Figure 7Zonal mean temperature (a) for climate equilibrium scenarios in which the atmospheric CO2 concentration was between 464 and 576 ppm and climate equilibrium scenarios for (b) EC-Earth, (c) CESM and (d) MPI-ESM. In these simulations, the CO2 concentration was adjusted to counterbalance the radiative forcing from a specific injection rate, as determined by regression simulations. δT in the legends shows the residual global mean temperature.


Figure 8Differences in regional temperature patterns between the climate equilibrium scenarios and piControl scenario. EC-Earth results are in the left column, CESM results are in the middle column and MPI-ESM results are in the right column. The numbers in parentheses in the upper right corner of each panel are the global mean temperature change in each scenario. Hatching indicates regions where the temperature change is not statistically significant based on the Wilcoxon signed-rank test (p value <0.05) (Wilcoxon1945).

4.2.4 Regional precipitation responses in the equilibrium scenarios

Figure 9 shows differences in zonal mean precipitation, while Fig. 10 shows the regional precipitation difference between the climate equilibrium simulation and piControl as an average of 30 years. In earlier sections, we focused on yearly mean values or mean periods over several years. Therefore, in this section, we focus only on averages over the years and do not analyse seasonal impacts. The regional precipitation change patterns show a shift in the Intertropical Convergence Zone (ITCZ) and a reduction in precipitation over land; however, as for the temperature impacts, the changes intensify when the CO2 concentration in the atmosphere and the SAI injection rate increase. Statistically significant precipitation changes are only observed in a minority of regions, particularly in weaker-forcing cases with a small CO2 increase and low SAI injection rates. Similar to the temperature changes discussed in the previous section, there are no significant differences in regional patterns of precipitation change when using M7 or SALSA aerosols. However, a higher CO2 concentration and larger forcing from SAI when SALSA aerosols are used lead to a more intensive impact than the corresponding injection rate using M7 aerosols.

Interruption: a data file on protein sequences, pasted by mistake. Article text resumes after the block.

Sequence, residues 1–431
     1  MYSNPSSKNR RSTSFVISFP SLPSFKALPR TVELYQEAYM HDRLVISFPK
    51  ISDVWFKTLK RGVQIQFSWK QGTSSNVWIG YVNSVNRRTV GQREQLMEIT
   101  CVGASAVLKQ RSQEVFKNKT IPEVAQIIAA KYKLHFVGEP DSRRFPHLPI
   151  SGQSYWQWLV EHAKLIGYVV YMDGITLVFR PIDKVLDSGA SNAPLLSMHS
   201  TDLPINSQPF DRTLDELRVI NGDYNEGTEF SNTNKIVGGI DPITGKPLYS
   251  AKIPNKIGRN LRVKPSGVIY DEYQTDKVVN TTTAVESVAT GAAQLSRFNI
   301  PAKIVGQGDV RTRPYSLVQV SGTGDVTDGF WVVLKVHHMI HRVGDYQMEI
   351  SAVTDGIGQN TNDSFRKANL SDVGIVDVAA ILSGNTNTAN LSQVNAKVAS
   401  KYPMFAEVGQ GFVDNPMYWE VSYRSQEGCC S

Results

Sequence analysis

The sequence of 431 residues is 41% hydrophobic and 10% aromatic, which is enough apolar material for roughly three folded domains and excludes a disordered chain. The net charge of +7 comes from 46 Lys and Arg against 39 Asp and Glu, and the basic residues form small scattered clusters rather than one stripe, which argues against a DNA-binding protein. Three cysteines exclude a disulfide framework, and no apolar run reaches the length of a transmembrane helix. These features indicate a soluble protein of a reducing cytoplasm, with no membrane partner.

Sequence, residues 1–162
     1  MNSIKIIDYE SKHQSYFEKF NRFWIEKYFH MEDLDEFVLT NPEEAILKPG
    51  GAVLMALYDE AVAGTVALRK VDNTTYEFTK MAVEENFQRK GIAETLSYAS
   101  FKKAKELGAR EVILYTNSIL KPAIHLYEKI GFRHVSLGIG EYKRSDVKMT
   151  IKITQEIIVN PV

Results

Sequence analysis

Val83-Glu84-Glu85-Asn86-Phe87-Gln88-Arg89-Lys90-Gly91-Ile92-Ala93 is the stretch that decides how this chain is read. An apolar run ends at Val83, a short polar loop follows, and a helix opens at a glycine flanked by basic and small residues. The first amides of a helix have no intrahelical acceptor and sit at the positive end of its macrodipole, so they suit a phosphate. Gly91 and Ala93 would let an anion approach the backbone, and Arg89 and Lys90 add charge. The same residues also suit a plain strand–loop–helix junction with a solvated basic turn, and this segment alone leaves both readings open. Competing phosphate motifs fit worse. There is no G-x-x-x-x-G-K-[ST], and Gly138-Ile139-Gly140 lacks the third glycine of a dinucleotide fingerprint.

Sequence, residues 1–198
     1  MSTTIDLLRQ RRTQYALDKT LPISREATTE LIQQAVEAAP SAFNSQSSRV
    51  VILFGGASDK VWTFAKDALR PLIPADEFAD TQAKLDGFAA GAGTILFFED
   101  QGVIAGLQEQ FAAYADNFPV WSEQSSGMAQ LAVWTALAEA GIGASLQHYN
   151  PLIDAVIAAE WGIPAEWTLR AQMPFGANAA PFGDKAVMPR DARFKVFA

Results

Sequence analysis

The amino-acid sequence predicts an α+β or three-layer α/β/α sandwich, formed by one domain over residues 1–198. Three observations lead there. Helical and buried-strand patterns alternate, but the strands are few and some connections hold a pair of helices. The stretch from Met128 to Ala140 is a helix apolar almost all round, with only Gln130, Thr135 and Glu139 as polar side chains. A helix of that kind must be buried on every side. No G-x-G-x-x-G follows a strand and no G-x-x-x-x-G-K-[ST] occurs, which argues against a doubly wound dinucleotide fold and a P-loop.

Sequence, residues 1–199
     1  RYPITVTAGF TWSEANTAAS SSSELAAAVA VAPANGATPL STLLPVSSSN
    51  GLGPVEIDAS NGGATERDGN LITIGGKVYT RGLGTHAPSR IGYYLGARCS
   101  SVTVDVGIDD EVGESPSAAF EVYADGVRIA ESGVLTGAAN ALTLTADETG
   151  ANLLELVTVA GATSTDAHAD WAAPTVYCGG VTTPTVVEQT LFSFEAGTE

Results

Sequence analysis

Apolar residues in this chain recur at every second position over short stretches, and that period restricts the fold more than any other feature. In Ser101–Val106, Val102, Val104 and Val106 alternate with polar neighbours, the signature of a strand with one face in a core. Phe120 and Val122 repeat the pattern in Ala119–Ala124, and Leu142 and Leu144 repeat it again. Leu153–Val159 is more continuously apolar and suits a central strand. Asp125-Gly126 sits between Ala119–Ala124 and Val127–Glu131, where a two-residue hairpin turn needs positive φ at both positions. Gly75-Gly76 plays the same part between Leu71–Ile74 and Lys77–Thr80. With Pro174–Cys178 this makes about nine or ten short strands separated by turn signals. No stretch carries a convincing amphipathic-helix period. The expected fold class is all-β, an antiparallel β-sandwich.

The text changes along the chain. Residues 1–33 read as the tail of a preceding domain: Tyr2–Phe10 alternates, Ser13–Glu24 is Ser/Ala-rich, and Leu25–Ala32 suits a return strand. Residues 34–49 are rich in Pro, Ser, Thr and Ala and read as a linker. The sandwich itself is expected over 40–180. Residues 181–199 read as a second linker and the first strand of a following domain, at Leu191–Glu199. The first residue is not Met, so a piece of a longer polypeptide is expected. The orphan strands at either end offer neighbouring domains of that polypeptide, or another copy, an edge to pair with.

Figure 9Zonal mean precipitation (a) for climate equilibrium scenarios where the atmospheric CO2 concentrations were between 464 and 576 ppm and climate equilibrium scenarios for (b) EC-Earth, (c) CESM and (d) MPI-ESM.


Figure 10Differences in regional precipitation patterns between the climate equilibrium scenarios and piControl scenario. EC-Earth results are in the left column, CESM results are in the middle column and MPI-ESM results are in the right column. The numbers in parentheses in the upper right corner of each panel are the global mean relative precipitation change in each scenario. Hatching indicates regions where the precipitation change is not statistically significant based on the Wilcoxon signed-rank test (p value <0.05).

There are some differences in regional patterns of precipitation between ESMs. The differences between the model responses are particularly noticeable when the CO2 concentration and SAI forcing are high. As depicted in Fig. 9, there is a decrease in precipitation over the Equator in the EC-Earth and MPI-ESM simulations, which indicates a broadening of the ITCZ. Conversely, in the CESM simulations, the ITCZ is observed to be shifting southward. EC-Earth results mostly show statistically significant increases in precipitation, whereas this is not the case in the MPI-ESM and CESM results, despite strong warming over the Arctic area in CESM. EC-Earth and MPI-ESM results indicate a relatively large increase in precipitation over the Sahel region, whereas CESM results show mostly statistically insignificant changes. According to CESM and MPI-ESM results, the tropical region in Central Africa receives less precipitation, whereas EC-Earth shows a much smaller precipitation change in that region. CESM results indicate a strong intensification of precipitation over the Equator, which is not observed in the EC-Earth or MPI-ESM results. On the other hand, there are also regions where model results agree with each other. Generally, precipitation decreases over oceans (except for the Equator in CESM results). Precipitation increases over Australia as well as in the Arabian Peninsula, Pakistan and India, but it decreases over the northern parts of South America.

5 Conclusions and discussion

In Laakso et al. (2022), we simulated SAI of different magnitudes using the sectional (SALSA) and modal (M7) aerosol schemes, and significant differences in the simulated radiative forcing values between the two aerosol models were found. In this study, we implemented the simulated radiative properties into three ESMs (EC-Earth, CESM and MPI-ESM) to study the temperature and precipitation responses under different SAI magnitudes, based on the results from the two aerosol schemes. This was done via two sets of simulations, using the aerosol optical properties from the preceding SALSA and M7 simulations for injection rates of 2–100 Tg(S) yr−1: (1) regression simulations were conducted under pre-industrial conditions with additional instantaneous forcing and (2) alleged climate equilibrium simulations were performed in which the global mean radiative forcing values of CO2 increase and SAI compensated for each other.